Carbon dioxide emissions in Los Angeles fell 33% in April of 2020 compared with previous years, as roads emptied and economic activity slowed due to the COVID-19 pandemic, according to a new study in Geophysical Research Letters. In the Washington, D.C./Baltimore region, emissions of carbon dioxide, or CO2, dropped by 34% during the same period.

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The study was led by scientists at NASA’s Jet Propulsion Laboratory (JPL), the National Institute of Standards and Technology (NIST) and the University of Notre Dame.

While the emissions reductions are significant, the method that scientists used to measure them may have the greater long-term impact.

In both locations, scientists had previously installed networks of sensors on rooftops and towers to monitor the concentration of CO2 in the air. They used the data from those sensor networks to estimate the drop in emissions.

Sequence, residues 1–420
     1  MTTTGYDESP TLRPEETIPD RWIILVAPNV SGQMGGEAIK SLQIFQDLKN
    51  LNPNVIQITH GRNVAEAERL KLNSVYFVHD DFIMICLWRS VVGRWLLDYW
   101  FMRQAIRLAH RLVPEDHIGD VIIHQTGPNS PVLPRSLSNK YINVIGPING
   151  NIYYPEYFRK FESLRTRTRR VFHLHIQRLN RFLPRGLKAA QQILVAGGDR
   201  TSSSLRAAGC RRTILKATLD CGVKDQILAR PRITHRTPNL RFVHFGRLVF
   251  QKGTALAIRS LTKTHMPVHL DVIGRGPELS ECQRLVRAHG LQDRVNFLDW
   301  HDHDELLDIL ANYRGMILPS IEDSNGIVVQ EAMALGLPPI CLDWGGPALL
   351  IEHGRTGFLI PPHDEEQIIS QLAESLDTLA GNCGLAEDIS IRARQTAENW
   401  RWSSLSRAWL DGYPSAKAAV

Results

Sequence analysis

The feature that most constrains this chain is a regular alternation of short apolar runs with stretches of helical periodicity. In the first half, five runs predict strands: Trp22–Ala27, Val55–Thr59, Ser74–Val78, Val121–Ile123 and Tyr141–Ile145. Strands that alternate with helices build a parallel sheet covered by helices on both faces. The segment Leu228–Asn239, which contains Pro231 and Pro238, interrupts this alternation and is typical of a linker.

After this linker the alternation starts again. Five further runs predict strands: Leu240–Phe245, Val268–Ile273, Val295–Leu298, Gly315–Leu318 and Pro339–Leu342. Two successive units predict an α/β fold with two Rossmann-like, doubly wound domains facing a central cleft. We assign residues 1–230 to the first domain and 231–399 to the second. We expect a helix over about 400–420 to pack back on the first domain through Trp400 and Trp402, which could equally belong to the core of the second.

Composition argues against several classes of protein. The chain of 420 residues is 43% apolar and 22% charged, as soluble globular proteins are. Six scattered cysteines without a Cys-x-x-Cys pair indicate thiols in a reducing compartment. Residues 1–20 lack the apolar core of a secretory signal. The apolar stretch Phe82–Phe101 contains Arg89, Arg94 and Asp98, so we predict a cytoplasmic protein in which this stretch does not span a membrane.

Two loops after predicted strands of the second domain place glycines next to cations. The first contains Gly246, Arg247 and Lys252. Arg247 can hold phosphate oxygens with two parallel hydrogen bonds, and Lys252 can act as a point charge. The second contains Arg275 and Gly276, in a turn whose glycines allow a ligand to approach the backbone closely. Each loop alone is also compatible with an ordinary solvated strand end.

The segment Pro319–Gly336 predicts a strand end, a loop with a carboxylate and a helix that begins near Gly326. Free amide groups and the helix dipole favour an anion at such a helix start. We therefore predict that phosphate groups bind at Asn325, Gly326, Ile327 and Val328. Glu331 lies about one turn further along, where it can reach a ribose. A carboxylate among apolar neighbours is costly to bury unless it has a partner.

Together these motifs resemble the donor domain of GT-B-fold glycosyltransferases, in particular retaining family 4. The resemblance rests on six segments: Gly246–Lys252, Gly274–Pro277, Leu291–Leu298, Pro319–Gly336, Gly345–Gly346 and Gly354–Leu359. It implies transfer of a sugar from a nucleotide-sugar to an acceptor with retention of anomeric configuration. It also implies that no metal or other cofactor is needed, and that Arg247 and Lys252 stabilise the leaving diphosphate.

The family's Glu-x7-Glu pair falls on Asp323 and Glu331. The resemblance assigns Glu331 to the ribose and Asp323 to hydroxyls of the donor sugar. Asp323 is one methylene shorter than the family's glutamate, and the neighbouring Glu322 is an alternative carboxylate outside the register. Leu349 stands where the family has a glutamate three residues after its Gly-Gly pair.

This might seem an obvious way to estimate emissions, but this is not how it’s usually done. Most cities estimate their emissions by tallying up the effects of activities that cause emissions, such as the number of vehicle miles traveled or the square footage of buildings heated and cooled. These are called “bottom up” methods because they are mostly based on activities on the ground.

This new study demonstrates that “top-down” methods, based on measuring the concentration of CO2 in the air, can produce reliable emissions estimates. Scientists were able to test those methods when emissions suddenly dropped due to COVID-19.

“This was a completely unanticipated experiment, and one we don’t ever want to do again,” said lead author and JPL data scientist Vineet Yadav. “But our results show that we were able to detect the onset of emissions reductions to within a few days.”

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